Local jobs and good conditions

Tari Jeffers and Jacinta CantatoreSouth Western Times
AMWU State secretary Steve McCartney led the protest at the Albemarle site yesterday morning.
Camera IconAMWU State secretary Steve McCartney led the protest at the Albemarle site yesterday morning. Credit: Tari Jeffers

About 100 protesters turned out to the Albemarle lithium plant site in Kemerton yesterday morning in a bid to secure local jobs and working conditions.

Australian Manufacturing Workers’ Union, Electrical Trades Union and Construction, Forestry, Maritime, Mining and Energy Union members were joined by South West residents and local businesses at the protest from 7am to raise their concerns.

AMWU State secretary Steve McCartney said the meeting was the first of many to show Albemarle that action would continue to secure real, permanent jobs for locals.

He said it started when the movement and State Government spoke with Albemarle about an agreement for the Kemerton lithium manufacturing plant, which Mr McCartney said was later reneged on.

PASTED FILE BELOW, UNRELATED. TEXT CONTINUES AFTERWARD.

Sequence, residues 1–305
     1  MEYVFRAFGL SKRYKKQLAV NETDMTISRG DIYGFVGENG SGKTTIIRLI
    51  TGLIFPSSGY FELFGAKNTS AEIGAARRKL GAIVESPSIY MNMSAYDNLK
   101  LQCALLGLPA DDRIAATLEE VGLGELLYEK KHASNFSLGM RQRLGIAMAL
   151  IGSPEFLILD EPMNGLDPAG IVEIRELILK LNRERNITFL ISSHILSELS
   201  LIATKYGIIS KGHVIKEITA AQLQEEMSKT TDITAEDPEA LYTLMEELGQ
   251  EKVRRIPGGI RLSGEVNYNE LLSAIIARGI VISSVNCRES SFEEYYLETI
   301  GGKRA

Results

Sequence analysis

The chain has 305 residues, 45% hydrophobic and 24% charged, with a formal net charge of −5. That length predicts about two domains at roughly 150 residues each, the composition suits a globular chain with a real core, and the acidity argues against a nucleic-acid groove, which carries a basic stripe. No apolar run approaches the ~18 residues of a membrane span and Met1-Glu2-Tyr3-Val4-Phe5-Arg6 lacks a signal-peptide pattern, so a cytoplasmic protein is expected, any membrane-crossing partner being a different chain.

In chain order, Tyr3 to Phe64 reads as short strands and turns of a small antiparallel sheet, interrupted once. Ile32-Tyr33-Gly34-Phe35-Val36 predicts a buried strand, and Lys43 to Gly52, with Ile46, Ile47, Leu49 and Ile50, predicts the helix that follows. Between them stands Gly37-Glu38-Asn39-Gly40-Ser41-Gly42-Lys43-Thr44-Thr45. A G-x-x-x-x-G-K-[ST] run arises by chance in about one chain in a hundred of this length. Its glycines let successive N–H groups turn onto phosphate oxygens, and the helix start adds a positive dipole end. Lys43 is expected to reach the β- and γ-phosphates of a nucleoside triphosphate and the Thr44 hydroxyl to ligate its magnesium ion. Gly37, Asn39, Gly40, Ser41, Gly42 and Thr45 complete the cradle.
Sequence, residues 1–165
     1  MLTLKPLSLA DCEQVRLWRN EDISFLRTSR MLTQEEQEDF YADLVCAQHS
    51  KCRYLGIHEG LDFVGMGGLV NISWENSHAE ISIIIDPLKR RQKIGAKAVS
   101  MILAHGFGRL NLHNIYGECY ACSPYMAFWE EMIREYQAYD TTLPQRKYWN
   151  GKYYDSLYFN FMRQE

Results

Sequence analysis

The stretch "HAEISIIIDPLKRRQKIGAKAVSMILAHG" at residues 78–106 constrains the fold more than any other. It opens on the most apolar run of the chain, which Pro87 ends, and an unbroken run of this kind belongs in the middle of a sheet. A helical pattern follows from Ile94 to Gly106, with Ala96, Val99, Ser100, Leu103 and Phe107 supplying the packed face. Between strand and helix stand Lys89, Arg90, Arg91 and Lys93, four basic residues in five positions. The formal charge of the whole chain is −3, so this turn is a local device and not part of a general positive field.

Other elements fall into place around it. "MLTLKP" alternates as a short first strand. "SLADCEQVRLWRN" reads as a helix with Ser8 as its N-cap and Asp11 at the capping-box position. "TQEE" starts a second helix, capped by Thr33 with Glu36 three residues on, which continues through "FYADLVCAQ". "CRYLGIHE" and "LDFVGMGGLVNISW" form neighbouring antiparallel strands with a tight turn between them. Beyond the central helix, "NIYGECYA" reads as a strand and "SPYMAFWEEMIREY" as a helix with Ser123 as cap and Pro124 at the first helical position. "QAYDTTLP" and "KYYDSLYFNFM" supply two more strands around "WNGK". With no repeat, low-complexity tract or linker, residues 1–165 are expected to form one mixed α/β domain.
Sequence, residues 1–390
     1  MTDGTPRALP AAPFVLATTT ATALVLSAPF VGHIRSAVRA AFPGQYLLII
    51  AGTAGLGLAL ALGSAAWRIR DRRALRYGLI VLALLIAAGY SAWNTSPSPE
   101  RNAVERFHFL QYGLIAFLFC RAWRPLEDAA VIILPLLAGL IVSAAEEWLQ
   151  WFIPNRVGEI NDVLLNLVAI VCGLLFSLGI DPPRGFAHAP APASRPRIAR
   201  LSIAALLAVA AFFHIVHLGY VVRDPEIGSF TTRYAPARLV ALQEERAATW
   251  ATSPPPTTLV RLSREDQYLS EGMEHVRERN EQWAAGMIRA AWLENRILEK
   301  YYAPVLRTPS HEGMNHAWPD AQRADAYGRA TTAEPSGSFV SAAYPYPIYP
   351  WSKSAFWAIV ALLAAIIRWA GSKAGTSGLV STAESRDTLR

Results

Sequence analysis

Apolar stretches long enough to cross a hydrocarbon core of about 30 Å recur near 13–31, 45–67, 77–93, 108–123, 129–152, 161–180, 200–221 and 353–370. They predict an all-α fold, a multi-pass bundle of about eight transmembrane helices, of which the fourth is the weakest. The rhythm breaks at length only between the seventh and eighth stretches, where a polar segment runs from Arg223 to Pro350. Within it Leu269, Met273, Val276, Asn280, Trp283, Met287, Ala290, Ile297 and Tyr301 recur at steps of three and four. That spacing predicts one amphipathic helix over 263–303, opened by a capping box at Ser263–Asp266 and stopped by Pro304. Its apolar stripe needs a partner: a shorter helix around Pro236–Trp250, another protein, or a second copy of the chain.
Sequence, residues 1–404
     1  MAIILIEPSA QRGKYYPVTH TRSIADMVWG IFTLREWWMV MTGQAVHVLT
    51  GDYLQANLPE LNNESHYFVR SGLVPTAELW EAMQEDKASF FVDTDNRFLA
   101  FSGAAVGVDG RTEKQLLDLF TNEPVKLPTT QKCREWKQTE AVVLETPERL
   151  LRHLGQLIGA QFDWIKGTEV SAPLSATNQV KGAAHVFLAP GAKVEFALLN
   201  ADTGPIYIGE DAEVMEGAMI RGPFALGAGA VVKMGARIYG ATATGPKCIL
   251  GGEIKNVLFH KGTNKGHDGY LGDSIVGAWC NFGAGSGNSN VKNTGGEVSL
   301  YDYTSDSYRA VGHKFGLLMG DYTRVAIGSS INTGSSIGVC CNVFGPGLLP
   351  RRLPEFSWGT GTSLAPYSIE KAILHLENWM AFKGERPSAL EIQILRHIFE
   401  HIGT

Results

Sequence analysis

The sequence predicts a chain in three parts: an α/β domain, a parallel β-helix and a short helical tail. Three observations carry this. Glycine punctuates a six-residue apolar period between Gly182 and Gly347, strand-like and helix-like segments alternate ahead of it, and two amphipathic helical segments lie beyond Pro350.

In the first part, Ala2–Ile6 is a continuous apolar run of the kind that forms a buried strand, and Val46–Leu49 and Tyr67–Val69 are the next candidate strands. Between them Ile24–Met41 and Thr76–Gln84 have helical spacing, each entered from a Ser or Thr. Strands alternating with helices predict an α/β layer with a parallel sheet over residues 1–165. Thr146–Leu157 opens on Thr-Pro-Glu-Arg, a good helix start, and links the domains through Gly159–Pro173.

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“The difficulty we’ve got is that they came out here selling this whole job as being the answer for the whole South West,” Mr McCartney said.

“(But) they’ve come out here to the South West and turn it into Kalgoorlie, where they give you low rates, lots of hours and hope you think you’re a millionaire.”

A spokesman from Albemarle refutes claims that locals are not being employed, saying the refinery would bring economic benefits and activity to the South West.

He said the company could not dictate terms and conditions to its contractors, but was committed to “local content” and compliance with the Australian Jobs Act.

“Early contract awards for the Kemerton Lithium Project have included some of WA’s well-known local construction and fabricating companies,” he said.

“At this time, more than 70 per cent of Albemarle’s current operational workforce is employed from the South West region, and we expect the percentage of local workforce to increase as production begins.”

The spokesman reiterated the company’s stance that up to 500 jobs will be created during the construction phase, with about 500 highly-skilled jobs created once the plant was at full operation.

“We are committed to engaging South West business to ensure our investment in Australia benefits our local communities,” he said.

At the protest, Mr McCartney said some of the truck drivers coming out from and into the Albemarle site were sympathetic, but there was concern about how fast some were driving.

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